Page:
Childhood immunization in Nigeria: factors influencing nonco | 17086
International Research Journals

Educational Research

All submissions of the EM system will be redirected to Online Manuscript Submission System. Authors are requested to submit articles directly to Online Manuscript Submission System of respective journal.

Childhood immunization in Nigeria: factors influencing noncompliance


Adebiyi Joseph A. and Ajani Taiwo A

The challenges facing childhood immunization coverage, coupled with the dramatic resurgence of preventable diseases suggest that current strategies to ensure positive result in national immunization programmes in Nigeria needs to be examined. Immunization is one of the most cost-effective public health interventions to date, saving millions of lives and protecting countless children from illness and disability. Despite the availability of vaccines to tackle preventable childhood diseases, they remain endemic in the sub-Saharan region including Nigeria. This paper seeks to investigate the factor influencing childhood immunization noncompliance among the nursing mothers in Nigeria and Suggest possible way out. Numerous studies have shown that some of these factors responsible for immunization noncompliance are parent socio-demographic characteristics such as level of education on the issues of vaccination/immunization, occupation, cultural beliefs, traditions among others age of parents, parental economic status, and health related factors. Immunization remains a major way to reduce child mortality and morbidity in Nigeria, although availability and high immunization coverage may not be enough to ensure effective childhood immunization exercise. Based on the findings of these studies. It is recommended that the Nigerian government should intensify efforts in ensuring the effectiveness of childhood immunization. The following approach are suggested towards solving childhood immunization problem, Legislative approach, Economic approach, Religious approach, Basic education for the nursing mothers.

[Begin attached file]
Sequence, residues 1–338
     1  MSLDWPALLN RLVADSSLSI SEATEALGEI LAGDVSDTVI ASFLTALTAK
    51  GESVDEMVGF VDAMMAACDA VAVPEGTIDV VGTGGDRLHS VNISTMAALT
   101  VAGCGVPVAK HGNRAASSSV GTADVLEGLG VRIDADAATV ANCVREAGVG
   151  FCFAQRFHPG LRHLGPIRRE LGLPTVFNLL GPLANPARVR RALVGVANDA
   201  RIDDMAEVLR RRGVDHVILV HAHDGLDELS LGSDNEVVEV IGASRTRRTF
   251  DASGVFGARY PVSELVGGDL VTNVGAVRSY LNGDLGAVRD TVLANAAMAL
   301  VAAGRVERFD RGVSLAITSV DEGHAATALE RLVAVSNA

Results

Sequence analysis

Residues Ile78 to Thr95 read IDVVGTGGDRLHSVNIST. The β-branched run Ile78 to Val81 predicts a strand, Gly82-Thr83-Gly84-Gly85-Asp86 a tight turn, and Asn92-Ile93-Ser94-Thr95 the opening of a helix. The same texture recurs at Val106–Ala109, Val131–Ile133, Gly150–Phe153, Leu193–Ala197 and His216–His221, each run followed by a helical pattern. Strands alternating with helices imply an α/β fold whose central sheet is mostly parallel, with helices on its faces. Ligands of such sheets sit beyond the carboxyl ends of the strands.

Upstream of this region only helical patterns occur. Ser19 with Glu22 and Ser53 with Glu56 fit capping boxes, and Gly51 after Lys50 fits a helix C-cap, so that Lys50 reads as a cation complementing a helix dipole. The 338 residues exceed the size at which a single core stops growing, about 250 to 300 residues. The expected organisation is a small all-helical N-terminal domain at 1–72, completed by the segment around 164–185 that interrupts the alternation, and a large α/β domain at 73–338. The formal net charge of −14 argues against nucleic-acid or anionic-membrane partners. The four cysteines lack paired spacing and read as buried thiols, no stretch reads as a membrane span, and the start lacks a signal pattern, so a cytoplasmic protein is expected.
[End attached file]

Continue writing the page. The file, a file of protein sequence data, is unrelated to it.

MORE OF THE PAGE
Share this article